Iraqi Elections: A Global Concern
The Iraqi Parliamentary elections on March 7th were a long-awaited demonstration of the state of democracy in the war-ravaged country. Iraq has long suffered from years of bloody fighting from the Saddam Hussein dictatorship through to the American occupation. The run-up to the elections was long and fraught with difficulties, but the turnout was impressive with approximately 60 percent of the population participating despite threats and bombings due to sectarian violence. This was the second parliamentary election since the 2003 American-led invasion.
The election is viewed by many in the international community as the first step towards peace and stability. Marina Ottaway, a scholar from the Carnegie Endowment for International Peace, has explained that the elections are the first step on the road towards a mature democracy. According to Ottaway, they are the “beginning of a new realignment of political forces” and a potential gauge of the current state of Iraqi affairs.
The global community, including the U.S., the EU, and Middle Eastern neighbors, is deeply interested in the outcome of the election. This concern is focused on the election’s impact on regional dynamics and the future direction of Iraq after a long history of ethnic and religious fractionalization. Iraqi’s international counterparts are interested in guaranteeing a trade relationship, ensuring better security, limiting the influx of refugees, and providing greater stability for Iraq and the larger region. The United States, in particular, sees this election as a potential mark of victory after its long and unpopular involvement in stabilizing Iraq in the post-Saddam Hussein era.
Iraqi Democracy in Action
Iraqi voter turnout was very impressive, reaching a level higher than that of the United States during the 2008 Presidential election. It was a tight race between the current Prime Minister Nuri Kamal al-Maliki and a former interim leader Ayad Allawi. At the outset, neither competitor appeared to secure a majority in the new 325-member Parliament.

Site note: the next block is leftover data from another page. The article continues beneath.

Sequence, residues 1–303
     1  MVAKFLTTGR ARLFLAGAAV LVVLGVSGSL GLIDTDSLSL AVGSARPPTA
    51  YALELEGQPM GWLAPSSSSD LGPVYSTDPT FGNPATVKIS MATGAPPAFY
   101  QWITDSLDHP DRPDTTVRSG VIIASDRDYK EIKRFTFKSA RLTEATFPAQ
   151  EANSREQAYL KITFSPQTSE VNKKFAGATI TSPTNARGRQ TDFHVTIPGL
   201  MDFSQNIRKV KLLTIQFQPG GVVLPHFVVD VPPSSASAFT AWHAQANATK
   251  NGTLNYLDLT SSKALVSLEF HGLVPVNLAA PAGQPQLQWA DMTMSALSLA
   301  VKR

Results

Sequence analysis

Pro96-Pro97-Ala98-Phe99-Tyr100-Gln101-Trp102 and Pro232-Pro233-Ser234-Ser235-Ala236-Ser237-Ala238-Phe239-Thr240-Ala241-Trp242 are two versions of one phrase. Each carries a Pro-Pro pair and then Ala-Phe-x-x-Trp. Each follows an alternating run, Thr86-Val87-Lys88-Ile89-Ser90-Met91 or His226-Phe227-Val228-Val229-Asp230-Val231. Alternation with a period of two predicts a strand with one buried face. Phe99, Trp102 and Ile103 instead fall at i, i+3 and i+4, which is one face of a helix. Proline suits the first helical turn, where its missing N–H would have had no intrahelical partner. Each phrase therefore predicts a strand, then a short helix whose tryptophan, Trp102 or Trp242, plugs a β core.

Therefore, as it stands, both men must secure a winning coalition and gather enough votes to guarantee their position as the next Prime Minister for a four-year term. International election observers have noted that despite a widespread appeal to nationalism and sense of an overriding Iraqi identity, most citizens still voted along sectarian lines.
Iraq’s sectarian and religious divisions have made national cohesion a difficult task. The following chart from the BBC illustrates this division and the complexity of Iraq’s population composition.
The official results of the elections have not yet been released as there have been calls of fraud and corruption. Even high-level officials have requested a recount of the votes. Calls for a recount have generally been rejected by Iraq’s election commission, however, and deemed both impossible and unnecessary. There are over 50,000 polling stations that would have to be revisited in order to do so.
Additionally, there is a fear that this uncertainty may spill over into street violence and protests reminiscent of the June 2009 Iranian elections. Violence has been an unfortunate component of the elections thus far. Violence before the elections resulted in the death of 38 people during attacks in Baghdad, Mosul, Fallujah, Baquba, and surrounding areas. Nonetheless, this violence did not seem to genuinely derail voter turnout. The general consensus has been very positive in terms of the numbers despite the outcry from some over fraud.
A breakdown of the important facts of the Iraqi general election is as follows:
• Voting to elect the 325-member Parliament
• 19 million eligible voters out of 28 million population
• Approximately 6,200 candidates from 86 competing factions
• 200,000 security personnel on duty in Baghdad alone
• Key issues: security, services, and disqualification of alleged Baathists (party of former dictator Saddam Hussein)
• Previous votes: January 2005 (transitional national assembly); October 2005 (constitution); December 2005 (first post-invasion Parliament); February 2009 (local elections)
• Groups competing in the elections